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Factfile for Kings Lynn:

Location of Kings Lynn: Norfolk, East Anglia, Eastern England, UK.

Post Code for Kings Lynn: PE30

Kings Lynn Dialling Code: 01553

Population of Kings Lynn: 42,800 (Census 2011)

Kings Lynn Ordnance Survey Map Reference: TF62390

At first identified as Lynn or Lin (and later as Bishop's Lynn), the bustling market town of King's Lynn, Norfolk was at one time one of the more significant ports in Britain. King's Lynn now has a resident population of about 43,000 and draws in a fairly large number of tourists, who come to absorb the historical past of this picturesque town and to enjoy its many excellent visitors attractions and live entertainment possibilities. The name "Lynn" quite possibly comes from the Celtic word for "lake or pool" and refers to the fact that this place was formerly covered by a substantial tidal lake.

The town is found beside the Wash in West Norfolk, that giant chunk from the east coast of England where in twelve fifteen, King John supposedly lost all his Crown Jewels. He had enjoyed a feast by the landowners of Lynn (as it was then named), back then a thriving port, and as he headed west toward Newark, he was engulfed by a wicked high tide and the jewels were lost forever. Not long after that, John passed away of a surfeit of peaches (or lampreys) according to which account you read. In today's times the town is a natural hub, the main channel for commerce betwixt the eastern counties and the Midlands, the train terminus of the Ely, Cambridge, London main line, and a bridging point which links 'high' Norfolk extending toward Norwich to the east, and 'low' Norfolk, the flat marshes and fenlands to the south of the Wash.

Kings-lynn-river-great-ouseKing's Lynn's royal associations tend to be deeper nowadays in comparison to the era of King John. A few kilometres to the north-east you will come across Sandringham House, a private estate belonging to the Queen. The town itself is positioned primarily on the east bank of the River Great Ouse estuary. A lot of the streets close to the river, notably those around the the renowned St Margaret's Church, remain very much as they were 2 centuries ago.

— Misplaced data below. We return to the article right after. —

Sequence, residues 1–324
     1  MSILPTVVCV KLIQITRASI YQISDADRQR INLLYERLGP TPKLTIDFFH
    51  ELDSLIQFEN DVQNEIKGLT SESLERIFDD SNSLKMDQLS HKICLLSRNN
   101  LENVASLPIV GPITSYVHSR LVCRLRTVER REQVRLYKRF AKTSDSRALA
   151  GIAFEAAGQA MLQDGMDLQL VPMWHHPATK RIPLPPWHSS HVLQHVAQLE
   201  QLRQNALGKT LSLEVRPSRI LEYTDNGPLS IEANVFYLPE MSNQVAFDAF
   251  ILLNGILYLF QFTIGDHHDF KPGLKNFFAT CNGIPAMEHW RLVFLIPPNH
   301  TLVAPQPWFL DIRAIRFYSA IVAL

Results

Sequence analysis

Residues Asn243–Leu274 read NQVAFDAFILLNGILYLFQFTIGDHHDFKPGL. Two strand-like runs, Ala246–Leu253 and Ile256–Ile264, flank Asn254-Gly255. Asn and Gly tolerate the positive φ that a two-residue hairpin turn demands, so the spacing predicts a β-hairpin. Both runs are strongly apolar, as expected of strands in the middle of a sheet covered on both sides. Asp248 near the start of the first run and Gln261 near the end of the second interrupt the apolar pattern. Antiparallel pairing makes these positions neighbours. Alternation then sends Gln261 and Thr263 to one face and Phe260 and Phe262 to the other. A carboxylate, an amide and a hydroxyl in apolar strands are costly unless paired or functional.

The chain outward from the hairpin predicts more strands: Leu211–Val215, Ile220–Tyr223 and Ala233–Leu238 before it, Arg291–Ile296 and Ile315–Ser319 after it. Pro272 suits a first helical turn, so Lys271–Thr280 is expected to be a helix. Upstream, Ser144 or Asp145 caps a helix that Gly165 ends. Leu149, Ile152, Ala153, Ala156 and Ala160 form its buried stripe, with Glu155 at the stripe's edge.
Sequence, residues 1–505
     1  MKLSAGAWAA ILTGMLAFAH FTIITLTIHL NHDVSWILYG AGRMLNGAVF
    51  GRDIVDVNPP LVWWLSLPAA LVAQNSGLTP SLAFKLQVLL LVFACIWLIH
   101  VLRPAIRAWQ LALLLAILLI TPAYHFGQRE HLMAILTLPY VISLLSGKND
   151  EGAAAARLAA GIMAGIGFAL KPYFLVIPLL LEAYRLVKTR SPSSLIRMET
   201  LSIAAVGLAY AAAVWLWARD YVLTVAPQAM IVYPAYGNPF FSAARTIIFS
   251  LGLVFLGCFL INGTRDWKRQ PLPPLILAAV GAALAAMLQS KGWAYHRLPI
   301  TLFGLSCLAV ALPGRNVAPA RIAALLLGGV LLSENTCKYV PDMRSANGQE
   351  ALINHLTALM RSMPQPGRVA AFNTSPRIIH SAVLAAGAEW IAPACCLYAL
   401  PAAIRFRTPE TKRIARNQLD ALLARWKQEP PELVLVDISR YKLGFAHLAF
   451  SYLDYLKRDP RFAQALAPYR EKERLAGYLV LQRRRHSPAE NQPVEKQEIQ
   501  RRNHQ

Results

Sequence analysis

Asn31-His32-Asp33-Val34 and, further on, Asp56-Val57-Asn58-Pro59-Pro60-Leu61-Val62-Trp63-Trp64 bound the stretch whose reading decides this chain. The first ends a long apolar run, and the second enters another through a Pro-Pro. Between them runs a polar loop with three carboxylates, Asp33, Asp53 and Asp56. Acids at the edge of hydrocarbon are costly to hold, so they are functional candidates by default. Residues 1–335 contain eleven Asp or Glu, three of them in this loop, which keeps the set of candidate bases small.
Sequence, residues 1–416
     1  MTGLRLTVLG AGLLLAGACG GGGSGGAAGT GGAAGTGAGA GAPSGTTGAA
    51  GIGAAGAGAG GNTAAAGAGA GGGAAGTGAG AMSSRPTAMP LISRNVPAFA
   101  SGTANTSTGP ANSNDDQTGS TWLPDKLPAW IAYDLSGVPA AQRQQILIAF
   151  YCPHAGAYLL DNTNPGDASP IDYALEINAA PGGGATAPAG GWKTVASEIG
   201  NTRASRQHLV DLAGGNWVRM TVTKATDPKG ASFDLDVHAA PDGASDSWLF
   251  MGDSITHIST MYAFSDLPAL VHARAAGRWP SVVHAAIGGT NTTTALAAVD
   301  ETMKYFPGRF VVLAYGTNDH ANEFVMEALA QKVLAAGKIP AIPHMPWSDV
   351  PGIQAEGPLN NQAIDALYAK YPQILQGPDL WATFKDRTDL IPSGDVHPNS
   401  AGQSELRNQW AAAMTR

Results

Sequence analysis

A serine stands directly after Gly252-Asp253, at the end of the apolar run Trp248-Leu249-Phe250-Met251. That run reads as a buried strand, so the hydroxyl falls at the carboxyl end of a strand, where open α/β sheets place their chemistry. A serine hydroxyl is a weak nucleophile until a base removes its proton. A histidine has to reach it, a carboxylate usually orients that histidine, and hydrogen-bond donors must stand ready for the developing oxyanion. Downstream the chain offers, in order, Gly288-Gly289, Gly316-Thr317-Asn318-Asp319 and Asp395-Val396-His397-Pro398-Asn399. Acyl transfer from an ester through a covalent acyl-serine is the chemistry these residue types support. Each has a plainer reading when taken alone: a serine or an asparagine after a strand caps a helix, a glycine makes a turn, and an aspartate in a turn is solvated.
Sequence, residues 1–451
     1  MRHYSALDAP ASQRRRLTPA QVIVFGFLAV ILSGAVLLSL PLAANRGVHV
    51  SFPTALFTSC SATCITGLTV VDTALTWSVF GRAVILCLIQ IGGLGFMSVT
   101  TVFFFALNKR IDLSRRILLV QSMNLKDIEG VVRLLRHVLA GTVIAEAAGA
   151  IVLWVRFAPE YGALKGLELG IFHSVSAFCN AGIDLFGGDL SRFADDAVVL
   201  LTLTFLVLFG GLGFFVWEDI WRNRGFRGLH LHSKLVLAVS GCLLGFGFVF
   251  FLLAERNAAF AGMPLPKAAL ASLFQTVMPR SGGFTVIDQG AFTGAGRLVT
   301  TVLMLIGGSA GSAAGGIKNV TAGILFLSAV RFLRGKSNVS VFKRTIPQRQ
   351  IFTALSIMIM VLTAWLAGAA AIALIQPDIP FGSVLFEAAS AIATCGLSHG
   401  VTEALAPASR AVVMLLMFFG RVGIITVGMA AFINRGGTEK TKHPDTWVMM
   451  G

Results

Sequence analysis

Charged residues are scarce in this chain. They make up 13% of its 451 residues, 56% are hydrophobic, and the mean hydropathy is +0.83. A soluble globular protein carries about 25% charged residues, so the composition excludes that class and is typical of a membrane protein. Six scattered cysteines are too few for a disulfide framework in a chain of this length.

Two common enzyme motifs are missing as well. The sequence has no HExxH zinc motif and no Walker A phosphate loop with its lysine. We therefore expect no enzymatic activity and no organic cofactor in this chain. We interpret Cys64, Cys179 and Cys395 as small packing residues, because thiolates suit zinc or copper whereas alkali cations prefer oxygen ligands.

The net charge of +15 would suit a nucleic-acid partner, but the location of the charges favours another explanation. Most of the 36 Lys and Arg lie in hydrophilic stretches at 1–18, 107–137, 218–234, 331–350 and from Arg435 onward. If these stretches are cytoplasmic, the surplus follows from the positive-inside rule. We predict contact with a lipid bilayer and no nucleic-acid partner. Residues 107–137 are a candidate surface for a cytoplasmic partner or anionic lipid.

If you are looking for a focal point in the town then it would most likely be the historic Tuesday Market Place , this is especially true in modern times ever since the Corn Exchange has been transformed into a primary centre of entertainment. The majority of the buildings and houses here are Victorian or even earlier. These buildings include the striking Duke's Head Hotel, put up in 1683, and a grade II listed building since 1951, the Corn Exchange (1854) and the Globe Hotel (originally built in 1650).

King's Lynn Historical Background - Quite likely in the beginning a Celtic settlement, and certainly settled in Saxon times it was outlined just as Lun in the Domesday Book of 1086, and owned by Bishop Almer of Elmham. The town was only called King's Lynn in and after the 16th C, and had at first been termed Bishop's Lynn (and just Lynn prior to that), the Bishop's portion of the name was allocated because it was the property of a Bishop, who founded a Benedictine priory there in 1095, and it was that Bishop who originally allowed the town the ability to hold a weekly street market in 1101. It was furthermore at approximately this time period that the Church of St Margaret was built.

The town ultimately grew to become a very important trading centre and port, with merchandise like wool, grain and salt shipped out by way of the harbour. By the arrival of the 14th century, it was among the chief ports in Britain and much commerce was done with the Hanseatic League members (German and Baltic merchants), and the Hanseatic Warehouse erected for them in fourteen seventy five.

Bishop's Lynn struggled with 2 major disasters in the 14th century, firstly in the shape of a serious fire which wiped out a great deal of the town, and secondly by way of the Black Death, a terrible plague which claimed the lives of over half of the people of the town during the time period 1348-49. In 1537, at the time of Henry the Eighth, the town came under the control of the king rather than the bishop and was subsequently known as King's Lynn, one year after this Henry VIII also closed the Benedictine Priory during his Dissolution of the Monasteries (1536-1541).